Last week, while my first grader was pretending to do homework, he casually asked me if he was weird.
I pretended to listen to him until I could come up with an answer that would satisfy a 7-year-old boy.
But he asked me again. “Mommeeee! Do you hear me? Am I weird?”
I took a sip from my water bottle, hoping I could drink an answer, or stall the kid a little more. I wasn’t sure what to tell him. So I struggled for a second.
Do I tell him the truth? That the little girl who probably called him weird was the same little girl who is always in time out because she has a big mouth?
Or do I tell him that everyone in his family is weird? From his grandmother who is stuck in 1986 (and still uses Aqua Net for anything other than a flame torch), to his uncle who still has original VCR copies of the “Super Friends”?
Should I tell him that his mom and dad are so weird that we started fawning over his Halloween costume in August? And maybe we’ve already started the conversation about how weird we can get, so we can make his upcoming birthday extra special?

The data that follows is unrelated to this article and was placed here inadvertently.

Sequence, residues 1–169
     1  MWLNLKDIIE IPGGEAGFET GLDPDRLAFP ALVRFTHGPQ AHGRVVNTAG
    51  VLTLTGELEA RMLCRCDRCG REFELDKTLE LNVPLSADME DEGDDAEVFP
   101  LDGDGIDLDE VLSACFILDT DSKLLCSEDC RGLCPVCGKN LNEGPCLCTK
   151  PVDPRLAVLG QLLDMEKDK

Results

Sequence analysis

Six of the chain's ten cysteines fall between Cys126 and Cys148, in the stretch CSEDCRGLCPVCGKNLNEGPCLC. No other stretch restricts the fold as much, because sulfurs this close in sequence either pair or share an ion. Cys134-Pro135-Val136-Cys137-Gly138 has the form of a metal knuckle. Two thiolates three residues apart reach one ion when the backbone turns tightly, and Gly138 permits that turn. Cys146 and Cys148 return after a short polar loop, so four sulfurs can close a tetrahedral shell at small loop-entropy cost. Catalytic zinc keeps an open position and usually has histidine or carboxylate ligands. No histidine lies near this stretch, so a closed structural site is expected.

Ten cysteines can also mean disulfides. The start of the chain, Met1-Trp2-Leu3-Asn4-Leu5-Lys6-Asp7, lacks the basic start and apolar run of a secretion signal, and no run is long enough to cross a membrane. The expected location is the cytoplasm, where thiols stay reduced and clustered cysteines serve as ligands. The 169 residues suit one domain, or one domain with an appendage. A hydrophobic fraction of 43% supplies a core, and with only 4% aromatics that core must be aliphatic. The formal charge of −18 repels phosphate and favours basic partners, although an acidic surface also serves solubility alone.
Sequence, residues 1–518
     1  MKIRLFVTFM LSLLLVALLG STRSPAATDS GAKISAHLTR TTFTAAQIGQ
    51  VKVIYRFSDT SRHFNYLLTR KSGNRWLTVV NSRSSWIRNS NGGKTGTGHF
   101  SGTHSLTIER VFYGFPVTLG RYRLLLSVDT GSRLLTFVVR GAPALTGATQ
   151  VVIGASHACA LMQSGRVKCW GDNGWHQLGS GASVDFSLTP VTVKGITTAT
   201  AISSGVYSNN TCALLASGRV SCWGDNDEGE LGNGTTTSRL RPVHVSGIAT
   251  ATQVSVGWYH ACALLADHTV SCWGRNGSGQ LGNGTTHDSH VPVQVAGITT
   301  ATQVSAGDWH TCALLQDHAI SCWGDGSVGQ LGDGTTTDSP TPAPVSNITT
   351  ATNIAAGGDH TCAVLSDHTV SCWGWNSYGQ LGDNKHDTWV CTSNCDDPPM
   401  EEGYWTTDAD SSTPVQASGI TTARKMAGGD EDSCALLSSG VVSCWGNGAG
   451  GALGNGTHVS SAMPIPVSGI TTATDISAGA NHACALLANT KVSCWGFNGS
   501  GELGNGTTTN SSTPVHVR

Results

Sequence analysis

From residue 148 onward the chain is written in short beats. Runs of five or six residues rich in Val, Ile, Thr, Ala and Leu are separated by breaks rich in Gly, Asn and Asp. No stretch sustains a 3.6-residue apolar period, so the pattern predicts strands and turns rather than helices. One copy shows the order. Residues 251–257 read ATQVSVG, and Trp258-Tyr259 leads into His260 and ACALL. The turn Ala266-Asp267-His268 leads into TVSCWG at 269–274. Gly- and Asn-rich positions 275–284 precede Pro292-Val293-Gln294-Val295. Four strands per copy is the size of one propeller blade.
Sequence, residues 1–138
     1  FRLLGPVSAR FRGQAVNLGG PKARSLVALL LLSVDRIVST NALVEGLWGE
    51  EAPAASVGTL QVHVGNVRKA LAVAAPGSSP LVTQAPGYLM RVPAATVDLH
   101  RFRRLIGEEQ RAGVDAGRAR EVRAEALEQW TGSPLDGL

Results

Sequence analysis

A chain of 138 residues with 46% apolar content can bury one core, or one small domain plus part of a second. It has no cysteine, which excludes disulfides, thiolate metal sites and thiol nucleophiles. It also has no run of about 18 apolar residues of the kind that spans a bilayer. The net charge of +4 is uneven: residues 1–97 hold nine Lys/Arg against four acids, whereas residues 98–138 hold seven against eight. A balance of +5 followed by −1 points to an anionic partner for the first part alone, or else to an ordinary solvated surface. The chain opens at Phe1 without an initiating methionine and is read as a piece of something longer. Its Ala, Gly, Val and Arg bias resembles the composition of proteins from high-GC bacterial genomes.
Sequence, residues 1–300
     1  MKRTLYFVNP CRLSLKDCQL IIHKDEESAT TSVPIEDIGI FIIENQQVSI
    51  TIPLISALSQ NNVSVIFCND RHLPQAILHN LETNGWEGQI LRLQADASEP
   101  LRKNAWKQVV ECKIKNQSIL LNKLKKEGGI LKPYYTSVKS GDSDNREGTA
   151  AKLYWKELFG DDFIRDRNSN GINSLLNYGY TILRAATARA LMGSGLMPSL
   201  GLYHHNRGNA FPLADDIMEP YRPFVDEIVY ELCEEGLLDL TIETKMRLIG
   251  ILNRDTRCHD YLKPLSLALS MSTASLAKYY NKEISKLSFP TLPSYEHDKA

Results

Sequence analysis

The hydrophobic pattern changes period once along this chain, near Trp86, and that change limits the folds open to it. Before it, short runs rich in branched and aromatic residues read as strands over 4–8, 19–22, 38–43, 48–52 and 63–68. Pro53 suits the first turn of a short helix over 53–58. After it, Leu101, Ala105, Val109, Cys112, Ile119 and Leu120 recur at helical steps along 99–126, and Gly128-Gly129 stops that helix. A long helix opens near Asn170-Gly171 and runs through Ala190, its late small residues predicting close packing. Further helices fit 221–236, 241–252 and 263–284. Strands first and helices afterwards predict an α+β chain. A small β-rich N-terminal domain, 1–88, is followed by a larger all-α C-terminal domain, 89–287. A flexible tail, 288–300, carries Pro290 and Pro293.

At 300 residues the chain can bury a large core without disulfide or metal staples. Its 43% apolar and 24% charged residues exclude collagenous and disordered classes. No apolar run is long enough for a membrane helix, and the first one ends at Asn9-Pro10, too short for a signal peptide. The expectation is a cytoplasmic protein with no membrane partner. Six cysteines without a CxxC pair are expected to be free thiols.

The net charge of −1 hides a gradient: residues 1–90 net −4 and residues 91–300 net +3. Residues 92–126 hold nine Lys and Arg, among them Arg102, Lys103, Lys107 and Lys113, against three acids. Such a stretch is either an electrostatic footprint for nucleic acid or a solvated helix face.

Or should I tell him about his deceased loved ones who are weird? Should I tell him that he was so weird that one of his ancestors had 21 children, and made the front page of an Oklahoma newspaper in the early 1900s? Or should I tell him about his grand-uncle whose family and friends probably called him weird as he told them that he was training for the nation’s elite Tuskegee Airmen?
I so badly wanted to tell my son, “Hell yes, you’re weird!”
He comes from a long line of weirdo’s, and I didn’t know how to break it to him.
But that’s not what I said. I looked at him, and gave him a kiss.
“Nope, you’re not weird,” I said to my son.
“They’re weird.”
Joy Stokes is a wife, mother, a freelance writer, an editor at, a #foodporn addict, Navy veteran, and a screenwriter  You can find more of her work on her personal blog, Mom&Cultured or on Twitter (@Joy_LeSigh).



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